Why Is London So Obsessed With Pineapples?

Laura Reynolds
By Laura Reynolds Last edited 17 months ago

Last Updated 15 December 2022

Why Is London So Obsessed With Pineapples?
Gold pineapple on St Paul's Cathedral. Photo: dun.can

Pineapples. They're everywhere in London. Once you start noticing them, you won't stop seeing them. Christopher Wren even picked pineapples to be the crowning feature of each of the towers of St Paul's Cathedral. In nearby Paternoster Square, the column is topped with a flaming copper urn — but is often mistaken for, and referred to as, a pineapple.

Photo: Piers Cañadas

Elsewhere in London, pineapples can be seen in railings, on weather vanes and spires of prestigious buildings, on gate posts, in tiles...

Lincoln's Inn Fields railings. Photo: Lee Jackson

As for Kentish Town's Pineapple pub, it was decorated with pineapples when it opened, back in 1868. Pineapples sat above every window and doorway, and, two interior mirrors were etched with pineapples, according to Kentishtowner. Whether the name was given from the off, or changed later to match the decor, is unknown, but pineapples can still be seen on the exterior today:

Photo: aridleyphotography.com

So why is London so obsessed with pineapples? Aside from their decorative qualities, pineapples used to be a symbol of wealth and status. They weren't grown in the UK or anywhere in Europe. Christopher Columbus brought them to these shores, and gave royalty a taste for them.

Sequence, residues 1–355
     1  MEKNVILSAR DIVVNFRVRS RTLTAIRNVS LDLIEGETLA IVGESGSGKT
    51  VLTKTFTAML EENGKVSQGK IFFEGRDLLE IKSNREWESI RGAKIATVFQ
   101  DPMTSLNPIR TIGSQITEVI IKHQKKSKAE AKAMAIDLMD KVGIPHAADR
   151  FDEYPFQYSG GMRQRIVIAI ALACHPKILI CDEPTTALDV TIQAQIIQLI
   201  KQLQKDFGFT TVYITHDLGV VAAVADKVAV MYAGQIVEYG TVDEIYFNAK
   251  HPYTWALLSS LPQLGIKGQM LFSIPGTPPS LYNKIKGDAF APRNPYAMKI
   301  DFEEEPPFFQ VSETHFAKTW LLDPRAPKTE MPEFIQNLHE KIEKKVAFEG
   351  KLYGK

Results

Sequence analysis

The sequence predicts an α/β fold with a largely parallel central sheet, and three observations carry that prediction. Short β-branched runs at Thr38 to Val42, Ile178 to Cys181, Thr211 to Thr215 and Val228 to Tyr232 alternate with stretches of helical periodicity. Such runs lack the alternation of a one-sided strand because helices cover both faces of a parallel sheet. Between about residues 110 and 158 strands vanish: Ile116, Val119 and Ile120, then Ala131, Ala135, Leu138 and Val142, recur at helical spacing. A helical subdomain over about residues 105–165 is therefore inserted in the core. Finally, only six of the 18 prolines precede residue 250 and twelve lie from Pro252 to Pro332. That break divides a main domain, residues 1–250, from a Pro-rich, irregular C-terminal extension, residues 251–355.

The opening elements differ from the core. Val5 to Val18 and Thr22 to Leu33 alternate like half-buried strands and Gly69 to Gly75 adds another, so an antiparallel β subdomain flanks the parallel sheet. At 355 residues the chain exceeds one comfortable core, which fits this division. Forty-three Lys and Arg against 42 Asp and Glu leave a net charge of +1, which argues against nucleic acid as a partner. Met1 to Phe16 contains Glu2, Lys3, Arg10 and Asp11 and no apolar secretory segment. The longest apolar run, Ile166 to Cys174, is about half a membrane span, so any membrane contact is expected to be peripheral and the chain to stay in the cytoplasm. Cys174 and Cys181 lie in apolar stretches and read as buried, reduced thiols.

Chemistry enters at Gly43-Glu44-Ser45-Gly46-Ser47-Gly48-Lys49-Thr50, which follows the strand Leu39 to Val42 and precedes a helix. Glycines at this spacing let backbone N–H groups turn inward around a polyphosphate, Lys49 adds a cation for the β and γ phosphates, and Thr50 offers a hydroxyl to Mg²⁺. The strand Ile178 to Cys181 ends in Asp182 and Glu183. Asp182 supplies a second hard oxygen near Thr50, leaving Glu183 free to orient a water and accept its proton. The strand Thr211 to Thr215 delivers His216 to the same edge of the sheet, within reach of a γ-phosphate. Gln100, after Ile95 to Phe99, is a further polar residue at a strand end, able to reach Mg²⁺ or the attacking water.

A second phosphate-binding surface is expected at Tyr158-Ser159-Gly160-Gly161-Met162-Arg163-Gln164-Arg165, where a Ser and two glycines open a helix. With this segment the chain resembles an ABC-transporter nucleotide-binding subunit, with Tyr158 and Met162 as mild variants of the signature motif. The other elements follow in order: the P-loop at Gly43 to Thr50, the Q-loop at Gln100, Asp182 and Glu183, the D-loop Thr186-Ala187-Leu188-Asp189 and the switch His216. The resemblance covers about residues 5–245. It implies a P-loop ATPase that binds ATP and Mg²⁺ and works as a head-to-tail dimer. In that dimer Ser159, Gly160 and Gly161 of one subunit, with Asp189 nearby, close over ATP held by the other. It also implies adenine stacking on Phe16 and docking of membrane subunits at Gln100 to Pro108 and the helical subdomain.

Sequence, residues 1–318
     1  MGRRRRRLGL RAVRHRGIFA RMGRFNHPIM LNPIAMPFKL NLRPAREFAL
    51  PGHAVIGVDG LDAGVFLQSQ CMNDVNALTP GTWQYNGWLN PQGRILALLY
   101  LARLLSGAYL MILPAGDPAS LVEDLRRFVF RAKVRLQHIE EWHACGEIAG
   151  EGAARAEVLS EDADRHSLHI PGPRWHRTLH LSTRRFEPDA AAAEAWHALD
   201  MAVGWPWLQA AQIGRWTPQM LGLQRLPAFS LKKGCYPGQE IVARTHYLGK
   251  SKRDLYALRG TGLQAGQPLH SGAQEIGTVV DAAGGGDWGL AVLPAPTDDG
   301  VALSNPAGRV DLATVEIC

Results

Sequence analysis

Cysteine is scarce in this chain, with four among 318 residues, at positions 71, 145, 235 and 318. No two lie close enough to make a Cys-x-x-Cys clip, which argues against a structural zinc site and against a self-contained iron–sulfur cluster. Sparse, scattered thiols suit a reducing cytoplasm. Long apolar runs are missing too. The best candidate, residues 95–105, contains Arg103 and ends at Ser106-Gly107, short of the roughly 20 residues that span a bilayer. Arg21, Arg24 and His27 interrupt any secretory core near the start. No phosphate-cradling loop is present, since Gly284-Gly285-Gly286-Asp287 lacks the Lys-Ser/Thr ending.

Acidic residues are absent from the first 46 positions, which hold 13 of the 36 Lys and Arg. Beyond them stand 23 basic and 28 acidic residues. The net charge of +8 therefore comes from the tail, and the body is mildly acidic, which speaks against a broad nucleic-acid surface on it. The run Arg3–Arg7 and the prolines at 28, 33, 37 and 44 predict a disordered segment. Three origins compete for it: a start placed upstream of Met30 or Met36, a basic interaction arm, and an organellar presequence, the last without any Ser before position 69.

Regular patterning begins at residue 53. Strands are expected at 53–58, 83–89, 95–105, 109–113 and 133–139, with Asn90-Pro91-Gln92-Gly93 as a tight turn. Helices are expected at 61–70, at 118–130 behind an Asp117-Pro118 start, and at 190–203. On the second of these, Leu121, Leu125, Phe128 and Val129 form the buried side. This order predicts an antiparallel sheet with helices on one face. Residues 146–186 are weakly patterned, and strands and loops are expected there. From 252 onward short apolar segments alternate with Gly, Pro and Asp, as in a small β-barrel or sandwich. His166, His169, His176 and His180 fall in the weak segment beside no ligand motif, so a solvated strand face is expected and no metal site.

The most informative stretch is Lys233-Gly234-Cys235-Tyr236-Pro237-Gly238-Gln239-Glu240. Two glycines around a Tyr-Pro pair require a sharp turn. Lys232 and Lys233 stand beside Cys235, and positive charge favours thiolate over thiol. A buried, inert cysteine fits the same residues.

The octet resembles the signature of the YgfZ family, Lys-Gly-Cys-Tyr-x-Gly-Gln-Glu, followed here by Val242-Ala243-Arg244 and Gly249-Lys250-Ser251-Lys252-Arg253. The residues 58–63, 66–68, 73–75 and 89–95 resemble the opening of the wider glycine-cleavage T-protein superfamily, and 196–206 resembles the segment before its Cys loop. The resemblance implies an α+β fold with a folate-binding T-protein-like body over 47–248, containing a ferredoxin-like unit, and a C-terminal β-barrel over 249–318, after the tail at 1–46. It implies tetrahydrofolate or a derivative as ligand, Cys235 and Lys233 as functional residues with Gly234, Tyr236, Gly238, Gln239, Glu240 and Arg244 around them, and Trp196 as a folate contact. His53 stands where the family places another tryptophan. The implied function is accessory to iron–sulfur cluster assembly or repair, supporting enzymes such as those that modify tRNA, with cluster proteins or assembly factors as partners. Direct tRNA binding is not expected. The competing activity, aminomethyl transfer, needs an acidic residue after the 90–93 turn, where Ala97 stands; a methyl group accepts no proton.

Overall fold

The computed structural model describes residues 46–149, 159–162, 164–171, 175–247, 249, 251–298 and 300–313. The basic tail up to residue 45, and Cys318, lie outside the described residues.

The obelisks in each corner of Lambeth Bridge are topped with pineapples. Image: Google Maps

In the 18th century, people could rent pineapples out for the night if they were having a dinner party, using them as a centrepiece to demonstrate their wealth. The alternative was to buy one, which would have cost the equivalent of about £5,000 today.

Pineapples outside a house on Drayton Gardens in Chelsea. Photo: Shakespearesmonkey

In the same way that the wealthy used lions as a symbol of strength, pineapples were incorporated into art, decor and architecture to display (or at least hint at) wealth. Hence, to this day pineapples can be seen on rooftops, railings, entrances and doors of private houses and public buildings. Sir John Soane even added a pineapple to his own family's tomb, which can be seen in St Pancras Gardens.

Sir John Soane's tomb. Photo: amanda farah